[0:07:44.4] GH: This building 50 years old, let’s say it’s expected to last 100 years, that’s 50% of the replacement cost value, okay, I’m not getting all my money, most people have replacement cost value policies. However, again, I see it all the time with multifamily units, they get actual cash value policies, the reason is very simple, it’s ’cause it was cheaper. But the effect is devastating if you have a catastrophic loss.

[0:08:10.8] SR: So that’s a very fine distinction to our insurance agent, point that out to us in our first policy on a large multifamily is like the answer is obvious once you know the terminology, but having somebody who has that heart of a teacher… That’s really important when it comes to insurance. So you describe this perfect real insurance agent, those people don’t grow on trees. How do you go about finding that person? In your experience.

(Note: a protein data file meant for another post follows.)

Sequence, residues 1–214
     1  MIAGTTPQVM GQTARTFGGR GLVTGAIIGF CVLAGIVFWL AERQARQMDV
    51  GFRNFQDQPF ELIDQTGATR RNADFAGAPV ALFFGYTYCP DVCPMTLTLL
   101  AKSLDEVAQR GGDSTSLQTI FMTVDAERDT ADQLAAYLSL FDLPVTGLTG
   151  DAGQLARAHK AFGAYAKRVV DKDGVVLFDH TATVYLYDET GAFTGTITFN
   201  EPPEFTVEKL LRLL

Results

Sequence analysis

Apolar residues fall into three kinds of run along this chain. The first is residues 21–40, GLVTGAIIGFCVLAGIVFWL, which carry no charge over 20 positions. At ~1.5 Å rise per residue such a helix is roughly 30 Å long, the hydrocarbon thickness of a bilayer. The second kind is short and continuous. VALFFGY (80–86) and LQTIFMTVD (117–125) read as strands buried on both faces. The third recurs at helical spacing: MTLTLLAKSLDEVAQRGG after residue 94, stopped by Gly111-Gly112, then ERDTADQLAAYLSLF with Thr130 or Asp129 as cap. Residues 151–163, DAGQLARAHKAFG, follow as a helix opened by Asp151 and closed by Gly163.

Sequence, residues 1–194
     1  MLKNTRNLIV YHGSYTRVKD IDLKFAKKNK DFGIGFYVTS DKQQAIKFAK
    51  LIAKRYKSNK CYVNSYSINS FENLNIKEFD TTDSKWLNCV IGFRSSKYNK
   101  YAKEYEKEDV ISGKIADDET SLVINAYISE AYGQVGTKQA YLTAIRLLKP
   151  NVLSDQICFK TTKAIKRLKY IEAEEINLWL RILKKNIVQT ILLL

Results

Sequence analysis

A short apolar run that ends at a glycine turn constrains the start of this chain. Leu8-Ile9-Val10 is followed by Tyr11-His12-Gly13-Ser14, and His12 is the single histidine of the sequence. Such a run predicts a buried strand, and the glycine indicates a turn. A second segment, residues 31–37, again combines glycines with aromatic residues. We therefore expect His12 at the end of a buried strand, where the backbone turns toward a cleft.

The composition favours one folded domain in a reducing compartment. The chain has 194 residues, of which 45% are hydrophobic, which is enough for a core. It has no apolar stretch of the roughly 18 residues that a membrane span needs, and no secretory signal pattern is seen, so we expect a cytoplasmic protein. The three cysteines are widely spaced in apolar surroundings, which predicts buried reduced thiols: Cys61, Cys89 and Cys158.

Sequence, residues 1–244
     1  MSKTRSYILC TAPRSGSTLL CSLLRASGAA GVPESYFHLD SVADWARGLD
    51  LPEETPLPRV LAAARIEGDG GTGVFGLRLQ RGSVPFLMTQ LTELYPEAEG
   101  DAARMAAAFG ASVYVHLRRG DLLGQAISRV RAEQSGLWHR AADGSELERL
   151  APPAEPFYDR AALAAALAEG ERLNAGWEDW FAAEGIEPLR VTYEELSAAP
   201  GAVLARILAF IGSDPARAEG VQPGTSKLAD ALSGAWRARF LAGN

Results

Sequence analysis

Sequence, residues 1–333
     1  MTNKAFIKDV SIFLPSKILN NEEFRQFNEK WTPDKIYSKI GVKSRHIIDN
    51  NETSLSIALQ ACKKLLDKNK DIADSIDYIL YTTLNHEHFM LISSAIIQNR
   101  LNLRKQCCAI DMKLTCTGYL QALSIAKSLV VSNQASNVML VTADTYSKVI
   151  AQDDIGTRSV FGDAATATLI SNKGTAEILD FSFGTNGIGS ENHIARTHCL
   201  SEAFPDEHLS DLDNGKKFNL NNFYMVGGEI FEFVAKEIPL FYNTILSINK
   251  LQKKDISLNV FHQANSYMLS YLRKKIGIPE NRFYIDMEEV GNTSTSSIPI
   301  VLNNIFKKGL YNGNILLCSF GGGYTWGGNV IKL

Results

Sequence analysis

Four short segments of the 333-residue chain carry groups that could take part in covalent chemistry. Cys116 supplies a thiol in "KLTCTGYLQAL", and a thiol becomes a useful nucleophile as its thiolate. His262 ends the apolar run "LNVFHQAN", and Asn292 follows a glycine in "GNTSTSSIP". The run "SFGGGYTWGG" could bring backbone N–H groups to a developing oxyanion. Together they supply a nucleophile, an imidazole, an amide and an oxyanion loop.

[0:08:33.6] GH: It’s not easy, right? I don’t think there’s any magic organization that certified these people, maybe they have… And I’m wrong, I can’t say, Oh, this person’s fantastic, you really gotta interview him, you gotta get a real feeling for them, it helps when they come referred… I’m not personally a big BNI fan, but my partner is in BNI. And she goes on and on about how great it is. And we frankly, hire a lot of people from our Bendigo ’cause they’re accountable, they’re gonna have to sit in a room with 10 other business people and get trashed by us if they do a bad job, right, and that sounds terrible, but there’s some strength to the world of what I call internet shaming these days, right. So you wanna find someone that you think would be willing to sit across from you when you lost everything you had and tell you I got you a good policy, this carrier will take care of you, right, if you don’t think they’re the person that’s gonna do that. And that’s not the insurance agent for you, but I don’t think there’s a magic bullet to find who those people are.